symbols and directive lines
* recognition of nested languages within a file
* custom keyword groups, which may be defined using regular expressions
* coloured output in HTML, XHTML 1.1, RTF, TeX, LaTeX, SVG, BBCode, terminal 
  escape sequences and XML format
* customizable reformatting and indentation of C, C++, C# and Java source code
* wrapping of long lines
* output of line numbers
* choice to embed the formatting information in the output HTML, LaTeX, TeX or
  SVG file or to save them in a separate style file, which is referenced by the
  generated documents
* customizable colour themes
* recursive batch processing of directories


Apart from defining input and output files using -i and -o, it is possible to
use IO redirection.
If no input or output file name is defined by --input and --output options,
highlight will use stdin and stdout for file processing.
If multiple input files are given, highlight switches to batch mode.

If no input filename is defined by --input or given at the prompt, highlight is
not able to determine the language type by means of the file extension (only
some scripting languages are determined by the shebang in the first input 
line). In this case you have to pass highlight the given langage with --syntax 
(this should be the file suffix of the source file in most cases).
Example: If you want to convert a Python file, highlight needs to load the
py.lang language definition. The correct argument of --syntax would be "py".
If you pass the filename directly to highlight, the program fetches the ".py"
extension from the file name.

highlight < --syntax py       # --syntax option necessary
cat | highlight --syntax py

If there exist multiple suffixes (like C, cc, cpp, h with C++ - files),
you assign them to the matching language definition in the file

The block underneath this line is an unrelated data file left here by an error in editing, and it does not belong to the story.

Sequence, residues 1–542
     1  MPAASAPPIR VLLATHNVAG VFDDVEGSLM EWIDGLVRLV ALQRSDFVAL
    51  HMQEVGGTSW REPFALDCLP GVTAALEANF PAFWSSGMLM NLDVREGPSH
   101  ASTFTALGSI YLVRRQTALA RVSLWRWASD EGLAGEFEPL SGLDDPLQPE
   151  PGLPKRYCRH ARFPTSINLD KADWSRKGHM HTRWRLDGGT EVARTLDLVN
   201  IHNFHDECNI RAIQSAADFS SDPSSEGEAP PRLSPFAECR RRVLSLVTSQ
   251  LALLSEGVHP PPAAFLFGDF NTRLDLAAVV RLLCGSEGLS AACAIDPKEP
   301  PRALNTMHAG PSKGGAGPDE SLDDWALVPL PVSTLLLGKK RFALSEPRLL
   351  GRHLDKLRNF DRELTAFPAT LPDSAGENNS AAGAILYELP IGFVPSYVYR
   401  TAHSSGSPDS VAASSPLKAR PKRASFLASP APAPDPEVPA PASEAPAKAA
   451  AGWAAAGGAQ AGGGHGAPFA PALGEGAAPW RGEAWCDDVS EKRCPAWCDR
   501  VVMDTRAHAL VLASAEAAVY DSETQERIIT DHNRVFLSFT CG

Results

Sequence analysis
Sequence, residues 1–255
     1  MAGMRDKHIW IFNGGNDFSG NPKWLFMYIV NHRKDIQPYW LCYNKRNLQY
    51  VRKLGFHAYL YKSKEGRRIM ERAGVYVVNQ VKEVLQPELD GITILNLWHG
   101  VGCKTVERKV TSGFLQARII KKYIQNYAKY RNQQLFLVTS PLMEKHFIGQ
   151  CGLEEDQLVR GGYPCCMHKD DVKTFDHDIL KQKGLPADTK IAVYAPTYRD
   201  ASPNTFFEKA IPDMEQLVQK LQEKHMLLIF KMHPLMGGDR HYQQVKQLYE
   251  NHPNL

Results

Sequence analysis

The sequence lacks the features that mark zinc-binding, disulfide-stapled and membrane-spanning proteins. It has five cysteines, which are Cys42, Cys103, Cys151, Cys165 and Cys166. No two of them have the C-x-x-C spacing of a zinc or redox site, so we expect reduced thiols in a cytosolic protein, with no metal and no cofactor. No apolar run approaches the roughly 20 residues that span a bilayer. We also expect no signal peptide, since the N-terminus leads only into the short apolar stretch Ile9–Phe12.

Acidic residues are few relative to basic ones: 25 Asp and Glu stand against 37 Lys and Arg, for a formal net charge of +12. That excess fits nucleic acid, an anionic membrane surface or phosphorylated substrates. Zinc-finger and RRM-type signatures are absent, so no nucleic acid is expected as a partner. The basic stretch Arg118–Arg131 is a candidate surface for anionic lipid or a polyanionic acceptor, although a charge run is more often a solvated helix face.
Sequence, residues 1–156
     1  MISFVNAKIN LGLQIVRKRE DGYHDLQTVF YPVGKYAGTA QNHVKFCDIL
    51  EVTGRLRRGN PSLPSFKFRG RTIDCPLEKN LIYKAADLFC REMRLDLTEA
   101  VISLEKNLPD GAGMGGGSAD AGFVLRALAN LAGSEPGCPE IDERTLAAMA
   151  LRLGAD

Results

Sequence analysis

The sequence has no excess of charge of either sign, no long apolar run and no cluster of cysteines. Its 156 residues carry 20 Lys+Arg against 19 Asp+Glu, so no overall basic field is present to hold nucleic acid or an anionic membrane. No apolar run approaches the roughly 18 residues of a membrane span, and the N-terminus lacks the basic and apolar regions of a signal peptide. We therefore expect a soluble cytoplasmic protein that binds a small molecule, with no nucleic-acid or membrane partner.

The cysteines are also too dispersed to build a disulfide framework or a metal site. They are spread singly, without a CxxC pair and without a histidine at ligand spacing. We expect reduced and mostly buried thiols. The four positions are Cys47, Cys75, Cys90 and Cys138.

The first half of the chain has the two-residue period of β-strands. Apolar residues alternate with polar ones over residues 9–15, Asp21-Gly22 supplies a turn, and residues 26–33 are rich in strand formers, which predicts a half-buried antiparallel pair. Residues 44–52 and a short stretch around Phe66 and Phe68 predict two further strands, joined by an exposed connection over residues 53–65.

Highlight enters the batch processing mode if the --batch-recursive (-B) option
was given or if multiple input files were defined.
In batch mode, highlight will save the generated files with the original
filename, appending the extension of the chosen output type.
The -O option is useful with -B. Use --quiet to improve performance
(recommended for usage in shell scripts).

HTML, TeX, LaTeX and SVG output

The HTML, TeX, LaTeX and SVG output formats allow to reference style definition
files which contain the formatting information (stylesheets).

In HTML and SVG output, this file contains CSS definitions and is saved as
'highlight.css'. In LaTeX and TeX, this file contains macro definitions, and
is saved as 'highlight.sty'.

Name and path of the stylesheet may be modified with --style-outfile.
If the --outdir option is given, all generated output, including stylesheets,
are stored in this directory.

Use the --include-style switch to save the style information embedded in 
the output documents without referencing a stylesheet.

The usage of referenced style definitions has the advantage to have all
formatting information in a central place, which affects all referencing

Using the --style-infile option you can define a file to be included in the
final formatting information of the document. You can enhance or redefine
the default highlight style definitions without editing generated code.


/* content of user.css (add document frame and a line to linenumbers) */
pre.hl {
  border-width: 1px;
  border-left-color: silver;
  border-top-color: silver;
  border-right-color: gray;
  border-bottom-color: gray;
  padding: 0.5cm;
  margin: 2cm;
.hl.line {
  /* background-color:#EEEEEE;  color:#505050; */
  border-right:1px solid #555555;

Usage: highlight -l --style-infile user.css main.cpp

Terminal output:

highlight --ansi <inputfile> | less -R
highlight --xterm256 <inputfile> | less -R

displays coloured sourcecode in a terminal.

Since there are limited colours defined for ANSI terminal output, there exists